If you take on a role that is beyond your capacities, you will not only disgrace yourself in that role, but neglect the role you were capable of fulfilling.
Epictetus has many important things to say about the roles that belong to us by nature & by choice. But suppose we begin, as good Stoics should, by considering whether a given role is "up to us" or in our power. Not just the choice of it, but the ability to carry out the tasks & obligations it involves. Something is in our power for Epictetus, recall, only if nothing can hinder or prevent us from realizing it.
Consider then our roles as a parent or a neighbor or a citizen or teacher. Can nothing prevent or frustrate us from fulfilling these roles? Can nothing deprive us entirely of these roles, and, in their place, inflict upon us other roles we would study to avoid? Aren't our roles & relationships in fact externals, and in consequence, ultimately matters of indifference?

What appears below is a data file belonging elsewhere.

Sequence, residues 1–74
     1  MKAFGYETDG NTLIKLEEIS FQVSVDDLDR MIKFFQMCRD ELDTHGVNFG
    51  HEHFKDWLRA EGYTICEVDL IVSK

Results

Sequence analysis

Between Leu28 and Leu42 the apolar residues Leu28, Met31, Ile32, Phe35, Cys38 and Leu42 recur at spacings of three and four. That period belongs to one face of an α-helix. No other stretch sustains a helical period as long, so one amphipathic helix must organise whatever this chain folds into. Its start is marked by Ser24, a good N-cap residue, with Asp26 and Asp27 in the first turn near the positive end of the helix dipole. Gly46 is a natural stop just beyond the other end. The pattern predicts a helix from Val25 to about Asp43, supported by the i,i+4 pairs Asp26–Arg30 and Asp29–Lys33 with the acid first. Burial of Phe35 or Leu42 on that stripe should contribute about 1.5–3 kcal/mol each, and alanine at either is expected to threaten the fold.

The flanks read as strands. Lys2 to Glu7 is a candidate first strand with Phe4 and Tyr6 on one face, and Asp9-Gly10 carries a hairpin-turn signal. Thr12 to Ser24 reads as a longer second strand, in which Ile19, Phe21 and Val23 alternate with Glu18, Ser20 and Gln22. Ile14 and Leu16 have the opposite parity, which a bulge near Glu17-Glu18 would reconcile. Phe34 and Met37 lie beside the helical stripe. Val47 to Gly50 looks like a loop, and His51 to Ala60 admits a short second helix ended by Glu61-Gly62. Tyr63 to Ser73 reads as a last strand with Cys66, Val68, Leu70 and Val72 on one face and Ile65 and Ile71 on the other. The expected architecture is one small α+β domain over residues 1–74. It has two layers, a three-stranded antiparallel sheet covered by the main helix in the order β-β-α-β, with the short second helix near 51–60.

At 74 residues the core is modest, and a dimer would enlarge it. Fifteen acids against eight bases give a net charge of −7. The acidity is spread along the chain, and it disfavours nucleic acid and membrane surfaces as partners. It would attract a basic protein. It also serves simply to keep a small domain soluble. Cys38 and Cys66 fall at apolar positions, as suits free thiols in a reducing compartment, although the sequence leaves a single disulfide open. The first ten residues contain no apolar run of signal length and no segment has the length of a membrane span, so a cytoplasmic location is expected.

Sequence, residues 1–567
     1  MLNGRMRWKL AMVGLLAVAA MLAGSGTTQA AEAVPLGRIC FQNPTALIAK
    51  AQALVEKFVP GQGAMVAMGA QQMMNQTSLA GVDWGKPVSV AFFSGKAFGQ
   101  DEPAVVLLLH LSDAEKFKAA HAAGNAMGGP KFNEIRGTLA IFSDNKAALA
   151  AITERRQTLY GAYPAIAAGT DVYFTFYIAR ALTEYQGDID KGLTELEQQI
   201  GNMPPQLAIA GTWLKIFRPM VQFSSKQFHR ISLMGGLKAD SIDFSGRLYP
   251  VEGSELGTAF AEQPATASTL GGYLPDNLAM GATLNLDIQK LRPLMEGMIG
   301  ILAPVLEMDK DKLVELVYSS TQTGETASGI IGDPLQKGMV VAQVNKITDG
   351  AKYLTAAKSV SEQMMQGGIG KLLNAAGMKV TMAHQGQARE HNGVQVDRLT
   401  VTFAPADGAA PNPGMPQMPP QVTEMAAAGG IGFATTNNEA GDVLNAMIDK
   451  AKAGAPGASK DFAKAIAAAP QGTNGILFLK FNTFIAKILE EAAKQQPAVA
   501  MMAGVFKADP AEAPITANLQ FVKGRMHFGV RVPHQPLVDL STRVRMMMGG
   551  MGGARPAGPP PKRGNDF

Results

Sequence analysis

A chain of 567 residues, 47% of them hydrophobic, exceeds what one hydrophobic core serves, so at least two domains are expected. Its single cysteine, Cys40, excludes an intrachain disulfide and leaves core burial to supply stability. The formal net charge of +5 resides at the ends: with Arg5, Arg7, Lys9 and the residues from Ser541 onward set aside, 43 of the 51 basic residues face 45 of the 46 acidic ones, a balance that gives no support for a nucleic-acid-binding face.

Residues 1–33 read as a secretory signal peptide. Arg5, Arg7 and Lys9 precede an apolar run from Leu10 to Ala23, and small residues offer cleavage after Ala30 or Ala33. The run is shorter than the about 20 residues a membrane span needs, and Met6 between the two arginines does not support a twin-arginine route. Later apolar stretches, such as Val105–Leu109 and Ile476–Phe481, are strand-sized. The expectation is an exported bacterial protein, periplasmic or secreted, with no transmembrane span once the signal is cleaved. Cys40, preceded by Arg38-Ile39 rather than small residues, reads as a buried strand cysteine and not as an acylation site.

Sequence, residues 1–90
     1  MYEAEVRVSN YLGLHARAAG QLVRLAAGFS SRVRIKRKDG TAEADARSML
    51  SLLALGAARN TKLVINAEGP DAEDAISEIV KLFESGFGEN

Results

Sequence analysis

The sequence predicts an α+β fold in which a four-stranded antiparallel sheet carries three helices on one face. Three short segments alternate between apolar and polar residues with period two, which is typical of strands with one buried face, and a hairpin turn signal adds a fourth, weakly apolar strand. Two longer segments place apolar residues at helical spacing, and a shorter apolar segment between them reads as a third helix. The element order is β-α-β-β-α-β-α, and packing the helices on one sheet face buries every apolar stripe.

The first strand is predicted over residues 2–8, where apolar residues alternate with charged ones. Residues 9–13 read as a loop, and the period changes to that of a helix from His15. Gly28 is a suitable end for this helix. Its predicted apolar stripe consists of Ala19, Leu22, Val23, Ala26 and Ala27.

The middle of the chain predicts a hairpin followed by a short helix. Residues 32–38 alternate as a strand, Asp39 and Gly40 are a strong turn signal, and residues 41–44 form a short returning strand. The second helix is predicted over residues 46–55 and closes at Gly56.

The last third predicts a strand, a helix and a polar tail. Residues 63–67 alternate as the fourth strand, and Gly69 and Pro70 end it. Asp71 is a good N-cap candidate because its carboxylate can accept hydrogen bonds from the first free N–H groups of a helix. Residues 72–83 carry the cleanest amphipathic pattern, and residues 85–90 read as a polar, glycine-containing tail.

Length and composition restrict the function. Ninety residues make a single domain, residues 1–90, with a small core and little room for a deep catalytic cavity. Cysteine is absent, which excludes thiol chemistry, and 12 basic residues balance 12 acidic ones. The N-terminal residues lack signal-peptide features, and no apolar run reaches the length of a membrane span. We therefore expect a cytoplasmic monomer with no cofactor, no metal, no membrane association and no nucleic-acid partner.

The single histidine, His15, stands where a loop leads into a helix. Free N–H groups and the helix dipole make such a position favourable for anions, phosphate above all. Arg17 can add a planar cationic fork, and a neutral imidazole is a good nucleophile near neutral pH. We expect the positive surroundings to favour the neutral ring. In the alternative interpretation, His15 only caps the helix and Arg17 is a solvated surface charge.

"Yes, but preferred indifferents. Choiceworthy things as things go in the realm of externals." The first problem with this answer is that it leave me unmotivated to essay some of these arduous roles & responsibilities if what I'm pursuing is not even a good. Why undertake the struggles of parenting or playing the good citizen? Now if the answer to this question is that I should undertake those roles that God wishes and has planned for me to undertake, the discussion comes to halt in different views of human freedom.
Tuesday, November 08, 2005